Blue Grit

This Quarter in Film History

Hill Street Blues. <em?Courtesy of NBC/Photofest. ©NBC

by Kevin Lewis

During the transition week between the Jimmy Carter and the Ronald Reagan presidencies 30 years ago this January, Hill Street Blues premiered on the NBC net- work. In significant sociological ways, it reflected both administrations: the urban blight and national frustration of Carter’s tenure, followed by the corporate greed and law-and-order mentality of the Reagan years.

The city in the show was never identified, although the exteriors were filmed in Chicago and the interiors in Studio City. But most American cities faced the same economic and criminal gang problems. Then-NBC Entertainment president Brandon Tartikoff green-lighted the show as an answer to the ABC sitcom Barney Miller, but Hill Street Blues was always a much darker dramatic show. Steven Bochco of MTM, which was founded by the then-married couple Mary Tyler Moore and Grant Tinker, was the creator, executive producer and co-writer with Michael Kozoll.

Though the pilot was finished in 1980, Tartikoff decided to debut the show in mid-season so that it would not be over- whelmed by the new fall network shows.

The ratings were low that January 15, 1981, but critical praise kept the police procedural show alive until the mass television audience discovered it when other shows were scheduling reruns. However, NBC regarded it as quality Emmy- bait programming rather than a profitable ratings venue, and it remained a show for discriminating viewers rather than mass audiences throughout its 1981-1987 run, garnering 98 Emmy Award nominations and winning 26––eight in its first season. It won the Emmy Award for Outstanding Dramatic Series four years in a row.

Perhaps because of its inter- weaving, open-ended story structure––rare in a non-mini- series format at the time but dating back to at least Peyton Place in the 1960s––Hill Street required an audience capable of recalling events from previous episodes. Perhaps it was too “hot,” in Marshall McLuhan terms for the “cool” medium of television. Each show covered only a single day in the precinct. Later MTM shows St. Elsewhere (1982-88) and even the chic L.A. Law (1986-94) used the same multi- character approach.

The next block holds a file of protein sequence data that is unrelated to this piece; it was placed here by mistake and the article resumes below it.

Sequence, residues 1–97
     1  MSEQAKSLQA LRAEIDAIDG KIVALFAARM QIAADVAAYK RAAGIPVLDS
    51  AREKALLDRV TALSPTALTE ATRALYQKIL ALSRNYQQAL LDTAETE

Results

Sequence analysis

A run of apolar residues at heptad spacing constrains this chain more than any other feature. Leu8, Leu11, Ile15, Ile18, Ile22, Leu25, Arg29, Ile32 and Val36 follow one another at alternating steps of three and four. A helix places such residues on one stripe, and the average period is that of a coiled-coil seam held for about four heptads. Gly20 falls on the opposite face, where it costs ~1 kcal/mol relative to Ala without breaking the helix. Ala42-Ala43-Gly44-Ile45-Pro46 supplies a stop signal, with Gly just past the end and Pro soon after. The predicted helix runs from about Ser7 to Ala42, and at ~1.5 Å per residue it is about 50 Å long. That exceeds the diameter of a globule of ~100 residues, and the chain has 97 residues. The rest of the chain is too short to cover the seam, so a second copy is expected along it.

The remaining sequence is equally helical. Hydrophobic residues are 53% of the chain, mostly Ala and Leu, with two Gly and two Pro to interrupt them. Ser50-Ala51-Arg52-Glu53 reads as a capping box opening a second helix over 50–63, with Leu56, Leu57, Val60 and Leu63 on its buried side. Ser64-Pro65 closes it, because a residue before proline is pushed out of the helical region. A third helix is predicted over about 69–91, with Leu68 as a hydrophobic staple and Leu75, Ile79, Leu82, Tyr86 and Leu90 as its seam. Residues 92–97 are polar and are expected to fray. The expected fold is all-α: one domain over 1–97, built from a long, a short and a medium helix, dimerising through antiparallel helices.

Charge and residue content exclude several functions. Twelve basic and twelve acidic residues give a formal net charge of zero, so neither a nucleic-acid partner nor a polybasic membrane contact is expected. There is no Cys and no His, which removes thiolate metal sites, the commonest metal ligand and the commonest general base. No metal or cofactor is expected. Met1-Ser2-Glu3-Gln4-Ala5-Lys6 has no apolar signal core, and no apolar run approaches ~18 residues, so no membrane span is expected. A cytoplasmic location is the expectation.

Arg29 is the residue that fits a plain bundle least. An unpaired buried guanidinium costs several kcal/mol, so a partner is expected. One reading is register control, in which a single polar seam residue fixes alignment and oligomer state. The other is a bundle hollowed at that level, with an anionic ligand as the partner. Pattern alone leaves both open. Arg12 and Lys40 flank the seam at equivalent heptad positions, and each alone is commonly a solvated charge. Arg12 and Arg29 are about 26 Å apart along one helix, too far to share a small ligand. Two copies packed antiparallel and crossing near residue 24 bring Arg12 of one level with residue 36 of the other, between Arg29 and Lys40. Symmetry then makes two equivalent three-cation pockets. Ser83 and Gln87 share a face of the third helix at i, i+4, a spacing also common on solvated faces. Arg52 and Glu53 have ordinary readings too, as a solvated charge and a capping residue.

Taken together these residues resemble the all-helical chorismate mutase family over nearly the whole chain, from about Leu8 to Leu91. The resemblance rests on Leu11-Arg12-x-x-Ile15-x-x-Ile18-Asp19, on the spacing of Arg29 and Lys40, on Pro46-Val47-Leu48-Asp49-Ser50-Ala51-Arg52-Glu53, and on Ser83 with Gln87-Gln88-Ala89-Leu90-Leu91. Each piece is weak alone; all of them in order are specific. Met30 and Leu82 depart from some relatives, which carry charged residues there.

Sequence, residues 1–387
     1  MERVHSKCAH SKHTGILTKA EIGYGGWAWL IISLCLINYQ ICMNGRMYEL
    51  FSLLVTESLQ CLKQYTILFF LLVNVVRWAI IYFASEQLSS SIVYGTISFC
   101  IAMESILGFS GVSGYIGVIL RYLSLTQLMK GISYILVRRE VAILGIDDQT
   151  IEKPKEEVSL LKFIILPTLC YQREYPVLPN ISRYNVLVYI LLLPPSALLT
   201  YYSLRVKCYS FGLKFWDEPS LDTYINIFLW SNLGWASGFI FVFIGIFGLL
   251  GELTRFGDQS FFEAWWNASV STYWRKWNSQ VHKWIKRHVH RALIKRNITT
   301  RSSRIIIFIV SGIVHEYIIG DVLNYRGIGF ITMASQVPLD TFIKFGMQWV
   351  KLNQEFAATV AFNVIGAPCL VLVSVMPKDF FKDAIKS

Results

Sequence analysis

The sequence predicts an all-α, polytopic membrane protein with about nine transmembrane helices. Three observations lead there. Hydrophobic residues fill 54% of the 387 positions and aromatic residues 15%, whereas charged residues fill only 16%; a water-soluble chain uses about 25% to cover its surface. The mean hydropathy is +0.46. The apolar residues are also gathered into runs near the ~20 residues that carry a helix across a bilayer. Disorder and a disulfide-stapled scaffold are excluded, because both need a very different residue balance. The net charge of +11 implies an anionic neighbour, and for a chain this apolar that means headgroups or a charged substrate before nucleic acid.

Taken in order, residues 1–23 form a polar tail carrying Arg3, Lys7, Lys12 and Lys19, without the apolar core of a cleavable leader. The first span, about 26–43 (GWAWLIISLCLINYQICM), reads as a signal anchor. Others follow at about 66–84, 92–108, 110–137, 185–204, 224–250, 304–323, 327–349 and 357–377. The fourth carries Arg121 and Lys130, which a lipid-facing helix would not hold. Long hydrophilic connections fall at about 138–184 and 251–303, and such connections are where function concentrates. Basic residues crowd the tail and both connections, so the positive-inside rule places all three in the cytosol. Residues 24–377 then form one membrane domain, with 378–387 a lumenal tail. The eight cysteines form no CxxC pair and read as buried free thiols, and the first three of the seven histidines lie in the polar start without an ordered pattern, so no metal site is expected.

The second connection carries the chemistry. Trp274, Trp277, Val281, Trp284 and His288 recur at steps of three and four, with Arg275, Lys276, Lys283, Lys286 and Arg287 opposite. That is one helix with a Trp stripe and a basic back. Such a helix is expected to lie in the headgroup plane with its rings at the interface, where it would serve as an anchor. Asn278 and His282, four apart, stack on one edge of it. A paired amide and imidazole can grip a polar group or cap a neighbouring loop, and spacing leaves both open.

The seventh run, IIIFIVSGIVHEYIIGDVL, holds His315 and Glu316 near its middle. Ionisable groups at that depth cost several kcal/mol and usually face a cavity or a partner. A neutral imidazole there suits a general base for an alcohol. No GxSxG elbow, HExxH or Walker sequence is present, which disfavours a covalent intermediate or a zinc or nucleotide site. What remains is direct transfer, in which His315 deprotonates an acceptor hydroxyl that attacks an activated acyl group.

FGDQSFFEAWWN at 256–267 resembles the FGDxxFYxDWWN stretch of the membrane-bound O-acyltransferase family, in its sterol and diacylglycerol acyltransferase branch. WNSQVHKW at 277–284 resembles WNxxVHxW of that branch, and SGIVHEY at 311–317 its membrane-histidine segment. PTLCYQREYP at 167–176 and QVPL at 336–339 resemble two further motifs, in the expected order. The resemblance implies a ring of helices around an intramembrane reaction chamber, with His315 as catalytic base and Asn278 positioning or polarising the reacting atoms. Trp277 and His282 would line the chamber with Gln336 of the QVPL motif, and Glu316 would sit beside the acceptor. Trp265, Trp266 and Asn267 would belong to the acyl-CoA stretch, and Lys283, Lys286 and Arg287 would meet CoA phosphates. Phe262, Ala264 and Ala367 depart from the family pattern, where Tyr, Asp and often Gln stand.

It was the thinking man’s cop show, bearing resemblances to the best-selling Joseph Wambaugh novels about Los Angeles police squads, and eradicated the long association of cops and pigs (at least until Rodney King). Hill Street Blues presented educated professionals on the police force––Hispanics, African-Americans and women as well as rednecks and SWAT guys. The dapper Captain Furillo (Daniel J. Travanti) and the limousine liberal public defender Joyce Davenport (Veronica Hamel, who looked like a run- way model) made strange bedfellows in their own pillow-talk roll call.

Hollywood theatrical films were usual- ly anti-establishment when they depicted authority figures, whereas Hollywood television was more mainstream law and order. The hit series M*A*S*H was much less critical of the military than the nihilistic movie version. And so it was with Hill Street Blues. What made the show unique and innovative was its pairing of opposites. Mike Warren and Charles Haid played, respectively, a cool-headed African-American officer and a hot-head redneck cop. Taureen Blacque and Kiel Martin enacted a similar interracial pair. Betty Thomas portrayed a plain woman officer paired with a philandering, alcoholic officer, essayed by Ed Marinaro. René Enríquez was cast as Ray Calletano, the right-hand officer to Furillo, and was insecure about his Hispanic ethnicity, while Bruce Weitz became the wild-man, Jewish undercover detective, Mick Belker, replete with snarls and a cigar.